Five Syrian families offered homes in Clydesdale

Syrian refugees in crowded camp  (Photo  BULENT KILIC/AFP/Getty Images)
Syrian refugees in crowded camp (Photo BULENT KILIC/AFP/Getty Images)

Five Syrian refugee families are expected to arrive in Clydesdale this week – the first to be offered refuge here.

No details of the towns or villages set to host them are being released, with South Lanarkshire Council saying only that they the refugees will settle in the “wider Clydesdale area”.

The arrival of the families, as part of the Syrian vulnerable persons resettlement scheme, sees refugees now living in every area of South Lanarkshire.

As part of that scheme, 64 men, women and children have settled in the East Kilbride, Rutherglen, Cambuslang and Hamilton areas since December 2015.

The new arrivals will raise that number to 21 families made up of 79 refugees.

The families are being welcomed as part of the council’s commitment to accommodate up to 60 men women and children in the first year of the resettlement scheme and a further 60 throughout 2017.

Though the first from Syria, they are not the first refugees to be given homes in Clydesdale. At the beginning of the 1980s, Kersewell College in Carnwath was a national centre for families known as Vietnamese boat people.

They had fled their homeland because of war and ethnic cleansing and had also set out on perilous sea crossings.

Despite a warm welcome, with local people providing furniture and household goods, the families housed in Clydesdale themselves isolated and left for larger cities.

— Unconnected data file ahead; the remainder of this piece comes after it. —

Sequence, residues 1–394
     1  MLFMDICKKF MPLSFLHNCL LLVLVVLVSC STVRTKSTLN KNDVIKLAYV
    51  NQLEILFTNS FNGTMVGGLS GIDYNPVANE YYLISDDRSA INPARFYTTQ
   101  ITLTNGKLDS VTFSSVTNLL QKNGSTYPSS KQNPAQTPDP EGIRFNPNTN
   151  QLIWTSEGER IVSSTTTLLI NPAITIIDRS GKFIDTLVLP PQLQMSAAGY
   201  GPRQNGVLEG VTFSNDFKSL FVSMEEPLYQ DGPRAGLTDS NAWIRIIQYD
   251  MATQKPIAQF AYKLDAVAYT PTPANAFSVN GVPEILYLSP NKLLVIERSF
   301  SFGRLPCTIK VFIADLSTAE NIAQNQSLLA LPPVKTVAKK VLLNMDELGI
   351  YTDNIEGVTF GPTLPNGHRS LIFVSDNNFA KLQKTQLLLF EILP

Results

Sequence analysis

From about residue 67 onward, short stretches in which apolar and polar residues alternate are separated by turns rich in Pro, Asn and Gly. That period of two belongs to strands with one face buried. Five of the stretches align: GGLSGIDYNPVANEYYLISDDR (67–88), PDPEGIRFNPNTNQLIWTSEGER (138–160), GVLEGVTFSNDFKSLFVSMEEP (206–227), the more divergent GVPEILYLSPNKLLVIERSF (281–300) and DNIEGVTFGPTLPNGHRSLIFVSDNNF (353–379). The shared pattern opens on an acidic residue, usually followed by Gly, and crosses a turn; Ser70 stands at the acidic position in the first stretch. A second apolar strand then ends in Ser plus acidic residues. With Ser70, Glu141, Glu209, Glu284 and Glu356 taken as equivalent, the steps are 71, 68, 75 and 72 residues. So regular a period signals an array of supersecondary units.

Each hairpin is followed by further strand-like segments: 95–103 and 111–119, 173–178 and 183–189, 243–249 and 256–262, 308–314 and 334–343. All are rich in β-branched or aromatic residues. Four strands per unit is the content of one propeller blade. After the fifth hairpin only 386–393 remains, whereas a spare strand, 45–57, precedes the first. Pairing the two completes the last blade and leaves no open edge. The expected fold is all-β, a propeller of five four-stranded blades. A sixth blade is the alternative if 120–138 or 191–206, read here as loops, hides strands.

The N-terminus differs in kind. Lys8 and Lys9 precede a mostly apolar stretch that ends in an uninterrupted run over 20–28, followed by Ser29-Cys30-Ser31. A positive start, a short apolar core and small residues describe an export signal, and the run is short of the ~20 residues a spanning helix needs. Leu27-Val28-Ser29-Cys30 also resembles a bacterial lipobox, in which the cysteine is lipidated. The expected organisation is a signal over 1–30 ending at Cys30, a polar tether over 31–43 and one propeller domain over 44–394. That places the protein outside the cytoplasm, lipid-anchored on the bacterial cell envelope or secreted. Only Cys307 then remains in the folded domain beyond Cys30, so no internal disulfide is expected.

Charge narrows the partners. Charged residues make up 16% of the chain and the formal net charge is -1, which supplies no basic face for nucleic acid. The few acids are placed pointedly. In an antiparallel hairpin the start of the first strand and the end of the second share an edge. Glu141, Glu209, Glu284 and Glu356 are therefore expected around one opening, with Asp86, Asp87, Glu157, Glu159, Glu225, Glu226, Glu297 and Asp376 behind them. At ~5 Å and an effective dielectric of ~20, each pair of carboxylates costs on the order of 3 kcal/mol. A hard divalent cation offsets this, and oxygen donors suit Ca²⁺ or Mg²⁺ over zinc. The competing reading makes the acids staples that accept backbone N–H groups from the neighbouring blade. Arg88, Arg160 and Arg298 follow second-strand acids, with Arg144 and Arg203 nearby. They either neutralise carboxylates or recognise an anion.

This time, there is more support available, though.

Eddie McAvoy, South Lanarkshire Council’s leader, said: “Those who have made their new homes in our communities have received a good Scots welcome, building new lives here, and I am sure the experience of refugees will be the same in Clydesdale.

“Across our communities, Syrian children are settling in well at school, and the families continually express their thanks and gratitude for the help they have received.

“This has been achieved by the commitment of an extended network of council and community planning partners, including health professionals, the voluntary sector, community and faith groups who provide support. Other social landlords are involved in helping us house refugees, and this has been invaluable.

“The council will continue to provide assistance to Syrians who have fled to neighbouring countries as a result of conflict in their homeland.”

, including survivors of violence and torture, women and children who are at risk and people who need medical care.

The UK Government has expanded the SVPRS to resettle 20,000 Syrian refugees from camps neighbouring Syria by 2020. And the Scottish Government target that Scotland should accept 1,000 refugees as a starting point

has been met by local authorities.

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1. Funding arrangements which cover the cost of the council’s participation